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Local View: Our most sacred values are under assault

Ed Wexler/Cagle Cartoons

I was in third grade in the early 1950s when my teacher told the story of a World War II German officer's defection to the American side. When asked why, he replied that the German high command distributed American news stories and cartoons attacking President Franklin D. Roosevelt and his war policies. The high command believed sharing the newspapers would improve troop morale and their support of the superiority of the German soldier over a poorly committed and disgruntled enemy. However, the German officer thought that any country that could criticize openly both its leader and its policies, without the fear of reprisal, must be an extraordinary country.

And so it was.

On the 6th of January 1941, President Roosevelt gave his famous four freedoms speech. He declared that we, as citizens of this free country, were entitled to freedom of religion, freedom of speech, freedom from want, and freedom from fear.

Does President Donald Trump believe in these?

Freedom of religion: When will those of the Muslim faith be treated with the same consideration as Christians, Jews, and Hindus and undergo the same scrutiny as all those who seek justice, equality and freedom?

Freedom of speech: Why should NFL players fear being fired for their right to demonstrate peacefully against what many perceive as injustices to black people? How can it be disrespectful to the flag when the flag, in fact, symbolizes our right to demonstrate peacefully? Do soldiers risk or give their lives for a piece of cloth waving in the wind? Or do they make such sacrifices because the flag symbolizes the freedoms we have, including our right to protest? If kneeling for the national anthem shows disrespect to the flag, what does using your power position and making financial threats to deny people their Constitutional rights show? Which is the greater threat to our country? Hasn't the president violated his oath "to preserve, protect and defend the Constitution of the United States?" How long before we return to the John Adams Sedition Act of 1798, when people were jailed for speaking out against the government?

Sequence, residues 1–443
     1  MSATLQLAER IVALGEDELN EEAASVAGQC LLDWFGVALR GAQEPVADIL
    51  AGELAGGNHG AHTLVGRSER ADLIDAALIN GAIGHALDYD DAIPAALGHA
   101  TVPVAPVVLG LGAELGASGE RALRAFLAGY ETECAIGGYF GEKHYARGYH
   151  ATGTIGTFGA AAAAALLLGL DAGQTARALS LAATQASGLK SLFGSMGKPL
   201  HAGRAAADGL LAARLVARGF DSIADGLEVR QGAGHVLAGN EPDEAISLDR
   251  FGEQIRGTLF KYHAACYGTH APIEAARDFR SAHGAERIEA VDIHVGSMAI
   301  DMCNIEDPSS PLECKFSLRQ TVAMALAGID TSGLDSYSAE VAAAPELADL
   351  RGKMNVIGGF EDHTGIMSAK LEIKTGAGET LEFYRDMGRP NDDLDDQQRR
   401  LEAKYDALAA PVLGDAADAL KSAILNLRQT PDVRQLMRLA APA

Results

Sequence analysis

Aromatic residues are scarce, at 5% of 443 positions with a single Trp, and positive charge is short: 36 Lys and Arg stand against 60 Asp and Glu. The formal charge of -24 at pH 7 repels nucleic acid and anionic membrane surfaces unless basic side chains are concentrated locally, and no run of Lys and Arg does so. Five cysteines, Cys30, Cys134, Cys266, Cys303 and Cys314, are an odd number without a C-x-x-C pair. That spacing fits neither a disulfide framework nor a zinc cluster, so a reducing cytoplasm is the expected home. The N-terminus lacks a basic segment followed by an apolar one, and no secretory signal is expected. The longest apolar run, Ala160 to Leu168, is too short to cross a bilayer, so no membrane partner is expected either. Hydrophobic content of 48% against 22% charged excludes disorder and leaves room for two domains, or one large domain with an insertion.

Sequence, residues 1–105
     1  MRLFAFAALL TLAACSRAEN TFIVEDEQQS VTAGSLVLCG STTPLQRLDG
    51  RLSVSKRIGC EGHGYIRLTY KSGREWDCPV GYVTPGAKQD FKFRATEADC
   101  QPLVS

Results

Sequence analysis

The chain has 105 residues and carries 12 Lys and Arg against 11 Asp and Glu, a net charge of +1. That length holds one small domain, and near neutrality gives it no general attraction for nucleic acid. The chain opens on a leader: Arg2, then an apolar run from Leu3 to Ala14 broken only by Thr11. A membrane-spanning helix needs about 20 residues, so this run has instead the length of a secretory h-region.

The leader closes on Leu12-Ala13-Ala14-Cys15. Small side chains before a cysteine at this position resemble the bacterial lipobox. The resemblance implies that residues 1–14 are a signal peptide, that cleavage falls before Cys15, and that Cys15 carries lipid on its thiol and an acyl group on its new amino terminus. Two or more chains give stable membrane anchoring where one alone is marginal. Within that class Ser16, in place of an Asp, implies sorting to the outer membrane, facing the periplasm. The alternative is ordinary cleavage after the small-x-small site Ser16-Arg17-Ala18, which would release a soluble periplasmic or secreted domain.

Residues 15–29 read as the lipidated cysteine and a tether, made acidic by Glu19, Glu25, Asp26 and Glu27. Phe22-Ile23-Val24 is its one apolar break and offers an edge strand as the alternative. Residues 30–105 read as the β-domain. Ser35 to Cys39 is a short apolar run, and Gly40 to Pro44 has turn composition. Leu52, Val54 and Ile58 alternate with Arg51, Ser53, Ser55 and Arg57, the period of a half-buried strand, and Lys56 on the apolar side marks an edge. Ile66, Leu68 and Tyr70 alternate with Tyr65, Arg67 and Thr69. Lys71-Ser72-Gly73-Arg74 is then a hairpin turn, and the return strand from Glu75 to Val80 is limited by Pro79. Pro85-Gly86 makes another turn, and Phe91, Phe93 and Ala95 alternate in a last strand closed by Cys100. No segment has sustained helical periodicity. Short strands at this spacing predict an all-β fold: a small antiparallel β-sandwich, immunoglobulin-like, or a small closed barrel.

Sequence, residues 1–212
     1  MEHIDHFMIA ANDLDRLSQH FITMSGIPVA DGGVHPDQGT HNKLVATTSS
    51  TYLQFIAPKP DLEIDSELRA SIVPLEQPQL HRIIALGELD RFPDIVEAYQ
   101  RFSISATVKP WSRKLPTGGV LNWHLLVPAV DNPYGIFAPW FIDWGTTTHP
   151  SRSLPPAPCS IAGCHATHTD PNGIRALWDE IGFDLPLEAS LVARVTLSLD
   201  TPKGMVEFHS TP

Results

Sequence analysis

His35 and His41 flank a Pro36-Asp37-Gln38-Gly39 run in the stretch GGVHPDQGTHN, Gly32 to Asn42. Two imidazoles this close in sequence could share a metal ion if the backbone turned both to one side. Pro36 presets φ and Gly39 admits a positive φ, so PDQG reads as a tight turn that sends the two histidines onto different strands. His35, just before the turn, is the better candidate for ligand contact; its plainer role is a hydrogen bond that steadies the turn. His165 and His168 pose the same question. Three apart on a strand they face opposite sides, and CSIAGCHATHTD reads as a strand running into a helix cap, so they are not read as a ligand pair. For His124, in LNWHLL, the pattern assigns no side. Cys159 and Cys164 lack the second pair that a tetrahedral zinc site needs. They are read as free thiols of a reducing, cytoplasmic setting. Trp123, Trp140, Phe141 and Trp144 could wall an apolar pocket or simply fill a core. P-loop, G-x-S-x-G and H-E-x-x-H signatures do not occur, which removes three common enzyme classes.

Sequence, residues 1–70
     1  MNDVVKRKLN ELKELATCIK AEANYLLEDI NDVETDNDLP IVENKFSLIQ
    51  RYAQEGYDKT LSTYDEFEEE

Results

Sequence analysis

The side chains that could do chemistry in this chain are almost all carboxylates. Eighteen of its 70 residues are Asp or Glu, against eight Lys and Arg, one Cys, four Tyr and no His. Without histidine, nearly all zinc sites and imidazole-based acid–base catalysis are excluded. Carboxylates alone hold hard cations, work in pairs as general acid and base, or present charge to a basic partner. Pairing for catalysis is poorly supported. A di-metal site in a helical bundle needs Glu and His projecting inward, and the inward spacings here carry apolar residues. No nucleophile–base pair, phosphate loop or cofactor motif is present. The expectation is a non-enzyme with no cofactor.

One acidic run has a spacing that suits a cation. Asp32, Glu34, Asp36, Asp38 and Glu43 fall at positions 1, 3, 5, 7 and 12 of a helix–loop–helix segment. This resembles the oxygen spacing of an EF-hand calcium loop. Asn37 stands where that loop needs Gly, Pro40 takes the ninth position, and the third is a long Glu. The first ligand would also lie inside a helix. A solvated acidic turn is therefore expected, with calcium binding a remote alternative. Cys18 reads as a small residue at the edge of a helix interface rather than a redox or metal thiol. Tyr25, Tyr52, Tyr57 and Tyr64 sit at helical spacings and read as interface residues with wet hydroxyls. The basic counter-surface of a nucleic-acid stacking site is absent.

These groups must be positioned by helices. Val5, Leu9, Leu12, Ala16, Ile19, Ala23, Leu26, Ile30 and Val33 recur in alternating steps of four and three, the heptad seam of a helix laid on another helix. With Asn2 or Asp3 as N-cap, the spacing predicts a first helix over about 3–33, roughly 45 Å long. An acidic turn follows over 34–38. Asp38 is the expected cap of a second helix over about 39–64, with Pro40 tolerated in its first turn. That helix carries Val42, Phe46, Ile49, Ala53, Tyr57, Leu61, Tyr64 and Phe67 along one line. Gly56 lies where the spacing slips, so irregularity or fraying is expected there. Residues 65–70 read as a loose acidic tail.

Freedom from want: When will Trump and the Republican Party either fix health care or live up to their promise to write a health care bill or a tax bill that meets the needs of all the people, especially the poor and the hard-working middle class? When will this government come to the realization that supply-side economics, the great trickle-down theory, never trickles?

Freedom from fear: When will the hostile rhetoric and comments of total annihilation turn into constructive talks and genuine peaceful coexistence? And when will Americans reach a reasonable compromise on gun control, where people have the same advantage that ducks have in Minnesota, a state where a duck hunter's gun is limited to three shells, preventing a slaughter of ducks and allowing time for some to escape? Why do we continue to support rapid-fire weapons with clips that hold 100 shells? When will women have equal opportunities for employment and equal pay for comparable work without the fear of being sexually harassed by males whose position makes them think they can demean or touch women inappropriately? And when will we live without the fear of extinction from our abuse of this planet?

At this time, the words of President Abraham Lincoln come to mind: "Now we are engaged in a great civil war, testing whether that nation or any nation so conceived and so dedicated can long endure."

When will our current government and president live up to that promissory note that all people are created equal, with certain inalienable rights, in the land of the free and home of the brave?

Joe Giesen

F. Joseph Giesen of Duluth worked 41 years in education and is a longtime advocate for equal rights.

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